Security and Safety at Rio’s Olympics


I’m frequently asked if Rio is dangerous. While understandable, this question always bothers me. I have friends living in Rio who take all sides on the issue of safety. Their positions range from panic to mild paranoia.   Mild is about as good as it gets. It can be thought of as the normal urban dweller’s awareness and caution. People check out their surroundings, do not venture into certain areas, avoid exposing themselves to perceived danger and make sure that everything that might attract a criminal is dealt with in a fairly rational way. For example, people lock their cars and drive with the windows up. Women protect themselves as they see fit given the situation, which might mean not going out alone. On the mild paranoia side, this is standard behavior for any big city.

On the other end of the scale, I know people in Rio (Cariocas) who avoid going out at all costs. When they do go out, they have to engage in very strategic planning to make sure they are safe. This typically involves only using safe transportation, i.e. a personal car (the car may be armored) with a professional driver and advising friends and relatives of their plans and scheduled arrival and departure times in addition to using a cell phone with GPS locations, communication and emergency resources.

What passes for mild paranoia or panic is of course subjective. Some people, especially the young and sometimes the very poorest, have little fear either because they are fool hardy and feel invincible or have absolutely nothing to lose. The rest of us are somewhere in between. Fear often comes from lack of information, information overflow or sensationalism. Here is a link to the sensationalist Daily Mail (UK) that picked up this quite impressive and scary video:

The video is not staged but it is edited for its sensationalist effect. The reality is that yes there is street crime perpetrated typically by minors or young men and that awareness is needed. While bump, rob and run and theft of valuables are common, it is still the exception.

Here are some crime statistics and recommendations:

First, the good news: Intentional homicides per 100,000 are falling. The graph from Rio’s Institute of Public Safety (Instituto de Seguranca Publica) shows a decline in intentional homicides over the past 7 years. This information is for the state of Rio while the city of Rio de Janeiro shows a fairly constant rate of something over 1200 killings a year for the last 4 years.

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The US Department of State has a division dedicated to “Diplomatic Safety” that produces a summary covering different risks in the city of Rio de Janeiro including public safety, cyber crime and road safety. Here is the link:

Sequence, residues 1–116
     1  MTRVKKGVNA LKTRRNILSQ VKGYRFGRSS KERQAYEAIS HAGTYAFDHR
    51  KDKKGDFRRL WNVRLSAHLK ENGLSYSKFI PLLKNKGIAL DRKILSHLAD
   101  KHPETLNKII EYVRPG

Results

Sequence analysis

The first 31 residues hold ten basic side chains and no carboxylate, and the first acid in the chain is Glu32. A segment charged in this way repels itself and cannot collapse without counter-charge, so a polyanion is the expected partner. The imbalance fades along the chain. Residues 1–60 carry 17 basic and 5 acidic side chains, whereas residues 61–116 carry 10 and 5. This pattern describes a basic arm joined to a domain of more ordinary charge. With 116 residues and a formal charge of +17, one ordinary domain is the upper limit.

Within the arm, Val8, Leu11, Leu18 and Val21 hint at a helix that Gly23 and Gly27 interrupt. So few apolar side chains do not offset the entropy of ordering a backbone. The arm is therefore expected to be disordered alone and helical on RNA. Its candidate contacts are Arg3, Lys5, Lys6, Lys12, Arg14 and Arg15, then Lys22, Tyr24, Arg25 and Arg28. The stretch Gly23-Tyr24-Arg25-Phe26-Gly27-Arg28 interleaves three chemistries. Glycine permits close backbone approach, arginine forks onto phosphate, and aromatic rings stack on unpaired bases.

This report describes Rio’s overall crime rate as “Critical” and further states that “Crime is the principal threat to visitors in Brazil” and “ Low-level criminal activity continues to plague visitors and businesses alike. Drug-dealing, petty theft, and vehicle break-ins are common.” It also notes that assaults are common in beaches or parks especially after dark.

While the objective statistics and the US government evaluation do not paint an encouraging situation, the actual victimization of tourists during the Olympics may actually be less serious. There are a couple of reasons.

First, there will be enhanced security. Second people are being warned and often will be in groups. Third, many Brazilians will help tourists avoid trouble and have a good time. Obviously, if you want the excitement, it can be found. Here is a Brazilian App that is similar to Waze for crime. It can be downloaded to track crime:

There are a couple of other things to take into account. Zika, Dengue and other mosquito-driven diseases are prevalent and one needs to be educated and informed.

The other great unknown is the possibility in today’s world of a terrorist shooting, bombing or assault of some kind. Brazil’s security apparatus has been collaborating with US and international agencies for a long time and are certainly aware of the potential of terrorism at a major event like the Summer Olympics. I trust nothing will happen and that perhaps as the Brazilian jokes goes: there are too many bureaucratic and infrastructure problems that impede business and terror alike.

Safe travels and enjoy the Games!  Hope to see you there.


Photo credit: DelsonSilvaAgnew

3 comments on “Security and Safety at Rio’s Olympics

  1. agogo22 says:

    Reblogged this on msamba.


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